During the spring there was no let-up in their busy schedule and a stop off in Weymouth for the town’s annual ‘Beat Contest’ in April, proved as good a place as any to try out some of their new songs. They opened with “Ethel”, a melodic but tricky number written by Steve Edge and an art school friend Mike Horseman, with Jane augmenting the band while pumping a harmonium, followed by another Edge composition “Rosebud Mary”. The third song has been forgotten in the mists of time but the closer was their version of the crowd pleasing “Cat’s Squirrel”, an up-tempo Doctor ‘Isaiah’ Ross instrumental made popular by both Cream on their first album “Fresh Cream” and Jethro Tull on their debut “This Was”. After the votes were counted, The Room finished a respectable third place.
At the beginning of the summer the band dropped the definitive article and became the shortened Room, just before the lucky break most bands in Bournemouth would have given their eyeteeth for, a gig at the Ritz. Owned by Len Wallen, the Ritz was situated on the cliffs west of Bournemouth pier. Len bought the Starleys hotel and the ballroom and apartments across the road in January 1966 and turned the Ritz, which had mainly hosted low key jazz gigs, into a happening place with help from local promoter Mel Bush. The pair spent the next four years bringing the likes of Jethro Tull, The Nice, Chicken Shack, Black Sabbath, Van der Graaf Generator, Taste, John Mayall, Ten Years After and Colosseum to the south coast where they performed for up to a thousand punters at a time in the claustrophobic, fug filled atmosphere of the cramped club. On a good night it was almost impossible for the musicians to battle their way through the tightly packed crowd from the dressing room, sited behind the bar, to the stage situated against the far wall. In the summer there would be a modicum of relief when the doors to the beer garden would be thrown open to ease the pressure and allow a much-needed blast of fresh sea air.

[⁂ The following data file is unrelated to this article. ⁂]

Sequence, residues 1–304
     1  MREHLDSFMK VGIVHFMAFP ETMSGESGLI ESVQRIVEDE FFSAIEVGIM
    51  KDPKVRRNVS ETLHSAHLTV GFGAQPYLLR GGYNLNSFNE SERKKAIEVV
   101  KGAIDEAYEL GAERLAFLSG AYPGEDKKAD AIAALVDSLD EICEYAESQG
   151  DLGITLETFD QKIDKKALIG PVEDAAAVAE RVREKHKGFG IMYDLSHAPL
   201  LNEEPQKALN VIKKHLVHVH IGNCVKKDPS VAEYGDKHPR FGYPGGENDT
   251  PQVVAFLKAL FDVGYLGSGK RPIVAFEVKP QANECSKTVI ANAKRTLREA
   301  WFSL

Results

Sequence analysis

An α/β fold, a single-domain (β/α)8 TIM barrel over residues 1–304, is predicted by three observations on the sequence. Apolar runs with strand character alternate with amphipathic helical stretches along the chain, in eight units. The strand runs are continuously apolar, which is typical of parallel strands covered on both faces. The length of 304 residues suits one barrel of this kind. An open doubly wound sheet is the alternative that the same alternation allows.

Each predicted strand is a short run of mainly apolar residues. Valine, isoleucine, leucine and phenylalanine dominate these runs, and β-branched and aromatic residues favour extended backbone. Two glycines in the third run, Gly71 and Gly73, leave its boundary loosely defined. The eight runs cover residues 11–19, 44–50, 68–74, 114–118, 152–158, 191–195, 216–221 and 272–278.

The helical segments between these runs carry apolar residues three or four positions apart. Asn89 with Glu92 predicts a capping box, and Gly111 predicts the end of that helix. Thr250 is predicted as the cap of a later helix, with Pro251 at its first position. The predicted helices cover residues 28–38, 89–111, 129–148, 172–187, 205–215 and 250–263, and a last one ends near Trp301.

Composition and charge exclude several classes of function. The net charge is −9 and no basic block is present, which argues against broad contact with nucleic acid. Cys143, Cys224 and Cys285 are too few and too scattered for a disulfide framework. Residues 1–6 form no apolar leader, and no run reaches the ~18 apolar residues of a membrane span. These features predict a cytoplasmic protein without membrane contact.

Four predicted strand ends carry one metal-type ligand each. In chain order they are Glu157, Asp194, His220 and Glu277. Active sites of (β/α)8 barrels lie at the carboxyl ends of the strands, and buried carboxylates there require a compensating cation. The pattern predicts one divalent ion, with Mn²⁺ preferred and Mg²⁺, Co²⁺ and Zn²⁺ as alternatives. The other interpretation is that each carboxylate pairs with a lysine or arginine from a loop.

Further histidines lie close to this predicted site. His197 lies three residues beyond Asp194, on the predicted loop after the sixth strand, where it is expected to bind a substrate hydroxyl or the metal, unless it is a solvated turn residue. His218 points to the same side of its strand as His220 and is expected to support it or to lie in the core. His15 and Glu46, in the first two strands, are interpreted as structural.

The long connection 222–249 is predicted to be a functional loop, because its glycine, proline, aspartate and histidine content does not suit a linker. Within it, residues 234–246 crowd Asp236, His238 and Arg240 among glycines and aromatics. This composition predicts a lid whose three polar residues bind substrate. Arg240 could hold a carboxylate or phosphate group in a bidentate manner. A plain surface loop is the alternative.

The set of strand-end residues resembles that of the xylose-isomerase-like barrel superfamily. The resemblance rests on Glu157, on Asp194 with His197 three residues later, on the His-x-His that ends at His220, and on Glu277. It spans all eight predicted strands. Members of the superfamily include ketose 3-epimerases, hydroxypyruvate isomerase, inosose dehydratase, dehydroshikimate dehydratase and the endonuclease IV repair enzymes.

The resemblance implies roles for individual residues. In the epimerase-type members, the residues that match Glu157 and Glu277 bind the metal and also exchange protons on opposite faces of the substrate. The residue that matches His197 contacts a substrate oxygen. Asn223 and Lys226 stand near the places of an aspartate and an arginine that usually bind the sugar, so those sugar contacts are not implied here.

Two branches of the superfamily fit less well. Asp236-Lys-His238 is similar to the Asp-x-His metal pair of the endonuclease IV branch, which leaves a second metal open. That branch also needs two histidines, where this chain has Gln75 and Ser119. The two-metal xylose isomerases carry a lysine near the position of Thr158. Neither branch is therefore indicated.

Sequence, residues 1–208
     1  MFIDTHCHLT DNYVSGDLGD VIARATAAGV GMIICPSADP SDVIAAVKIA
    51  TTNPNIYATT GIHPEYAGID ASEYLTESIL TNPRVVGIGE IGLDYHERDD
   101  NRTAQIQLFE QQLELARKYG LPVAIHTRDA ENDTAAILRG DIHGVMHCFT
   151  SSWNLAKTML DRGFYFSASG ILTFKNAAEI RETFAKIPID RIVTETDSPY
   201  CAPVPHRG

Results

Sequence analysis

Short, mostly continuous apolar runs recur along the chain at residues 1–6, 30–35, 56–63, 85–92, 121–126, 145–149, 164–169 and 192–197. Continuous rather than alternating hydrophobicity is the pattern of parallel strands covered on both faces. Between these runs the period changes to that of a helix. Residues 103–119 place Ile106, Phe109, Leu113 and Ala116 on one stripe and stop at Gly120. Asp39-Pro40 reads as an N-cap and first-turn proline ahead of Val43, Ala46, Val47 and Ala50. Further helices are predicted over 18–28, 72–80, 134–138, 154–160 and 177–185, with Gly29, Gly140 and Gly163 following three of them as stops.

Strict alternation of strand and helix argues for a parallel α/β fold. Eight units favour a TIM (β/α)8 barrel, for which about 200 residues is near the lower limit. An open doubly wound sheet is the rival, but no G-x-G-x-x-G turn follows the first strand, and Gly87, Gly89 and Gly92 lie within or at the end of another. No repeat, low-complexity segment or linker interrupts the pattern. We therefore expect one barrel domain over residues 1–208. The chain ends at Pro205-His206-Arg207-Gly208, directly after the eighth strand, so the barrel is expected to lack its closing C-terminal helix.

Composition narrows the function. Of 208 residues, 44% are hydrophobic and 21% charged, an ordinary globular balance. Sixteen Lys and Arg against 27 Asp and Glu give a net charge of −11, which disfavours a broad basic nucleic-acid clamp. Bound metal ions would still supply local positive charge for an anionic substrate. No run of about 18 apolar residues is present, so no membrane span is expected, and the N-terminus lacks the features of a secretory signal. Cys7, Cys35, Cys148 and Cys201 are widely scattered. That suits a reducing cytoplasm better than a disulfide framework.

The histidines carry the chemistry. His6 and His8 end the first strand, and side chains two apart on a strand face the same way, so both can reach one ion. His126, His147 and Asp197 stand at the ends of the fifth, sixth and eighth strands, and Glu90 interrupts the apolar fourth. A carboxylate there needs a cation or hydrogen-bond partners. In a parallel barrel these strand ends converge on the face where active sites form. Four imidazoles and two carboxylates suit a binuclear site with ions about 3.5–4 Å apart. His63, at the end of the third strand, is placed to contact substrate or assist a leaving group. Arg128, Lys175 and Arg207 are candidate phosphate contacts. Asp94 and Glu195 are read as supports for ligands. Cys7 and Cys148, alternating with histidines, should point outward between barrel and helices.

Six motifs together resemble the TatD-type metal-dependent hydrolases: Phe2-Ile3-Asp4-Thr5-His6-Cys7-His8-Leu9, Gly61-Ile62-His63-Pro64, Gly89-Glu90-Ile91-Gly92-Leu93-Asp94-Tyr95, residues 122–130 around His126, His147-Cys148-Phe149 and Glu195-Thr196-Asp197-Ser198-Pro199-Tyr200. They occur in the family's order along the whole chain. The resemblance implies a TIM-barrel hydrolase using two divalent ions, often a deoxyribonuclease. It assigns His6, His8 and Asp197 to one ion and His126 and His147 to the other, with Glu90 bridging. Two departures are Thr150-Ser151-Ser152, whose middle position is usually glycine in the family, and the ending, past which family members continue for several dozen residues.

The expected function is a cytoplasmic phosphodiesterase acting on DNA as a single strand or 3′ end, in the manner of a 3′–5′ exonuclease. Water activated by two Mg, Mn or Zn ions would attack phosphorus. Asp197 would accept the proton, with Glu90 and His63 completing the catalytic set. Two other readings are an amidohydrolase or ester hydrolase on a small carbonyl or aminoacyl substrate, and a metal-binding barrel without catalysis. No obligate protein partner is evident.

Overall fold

Room were already regular paying customers at the club and couldn’t believe their luck when they were booked as a support act. However, on the night the headliners were a no show, giving the band plenty of opportunity to impress the owner with their full set. Len liked what he heard and made them the house band for the rest of 1969 through to the spring of 1970, when the club closed for a refurbishment and a name change to The Hive. During their residency they supported Juniors Eyes, The Third Ear Band, Pete Brown’s Piblokto, Gypsy, The Strawbs, Julian’s Treatment, Village, The Liverpool Scene, Clouds and The Edgar Broughton Band amongst others. On one memorable night, they warmed up the crowd for the blues legend Howling Wolf, who was on a short UK tour with the John Dummer Blues Band. On another occasion they played second fiddle to their heroes, Peter Green’s Fleetwood Mac. On the night, Mick Fleetwood had a problem with his snare drum and asked Pete Redfern if he could borrow his. Pete did the decent thing and handed it over and then watched in horror as Fleetwood beat a large indentation into the skin over the course of the evening, Pete was not amused. Apart from that, they found the Mac to be very approachable and one of the friendliest bands they met, probably helped by the fact that Peter Green was Chris and Steve’s favourite guitarist.